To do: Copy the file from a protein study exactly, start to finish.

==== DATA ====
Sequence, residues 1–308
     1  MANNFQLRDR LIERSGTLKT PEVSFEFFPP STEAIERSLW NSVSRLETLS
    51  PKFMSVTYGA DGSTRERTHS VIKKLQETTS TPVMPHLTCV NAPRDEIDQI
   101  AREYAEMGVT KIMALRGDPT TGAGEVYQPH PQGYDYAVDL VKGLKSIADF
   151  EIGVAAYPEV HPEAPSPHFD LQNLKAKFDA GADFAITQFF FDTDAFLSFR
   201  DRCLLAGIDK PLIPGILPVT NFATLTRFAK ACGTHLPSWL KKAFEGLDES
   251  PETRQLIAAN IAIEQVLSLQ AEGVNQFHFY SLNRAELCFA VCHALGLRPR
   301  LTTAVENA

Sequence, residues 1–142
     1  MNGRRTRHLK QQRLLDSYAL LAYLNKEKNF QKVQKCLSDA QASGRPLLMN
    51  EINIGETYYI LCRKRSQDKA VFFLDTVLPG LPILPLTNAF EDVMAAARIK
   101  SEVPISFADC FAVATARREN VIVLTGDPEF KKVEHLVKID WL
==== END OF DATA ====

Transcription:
Sequence, residues 1–308
     1  MANNFQLRDR LIERSGTLKT PEVSFEFFPP STEAIERSLW NSVSRLETLS
    51  PKFMSVTYGA DGSTRERTHS VIKKLQETTS TPVMPHLTCV NAPRDEIDQI
   101  AREYAEMGVT KIMALRGDPT TGAGEVYQPH PQGYDYAVDL VKGLKSIADF
   151  EIGVAAYPEV HPEAPSPHFD LQNLKAKFDA GADFAITQFF FDTDAFLSFR
   201  DRCLLAGIDK PLIPGILPVT NFATLTRFAK ACGTHLPSWL KKAFEGLDES
   251  PETRQLIAAN IAIEQVLSLQ AEGVNQFHFY SLNRAELCFA VCHALGLRPR
   301  LTTAVENA

Sequence, residues 1–142
     1  MNGRRTRHLK QQRLLDSYAL LAYLNKEKNF QKVQKCLSDA QASGRPLLMN
    51  EINIGETYYI LCRKRSQDKA VFFLDTVLPG LPILPLTNAF EDVMAAARIK
   101  SEVPISFADC FAVATARREN VIVLTGDPEF KKVEHLVKID WL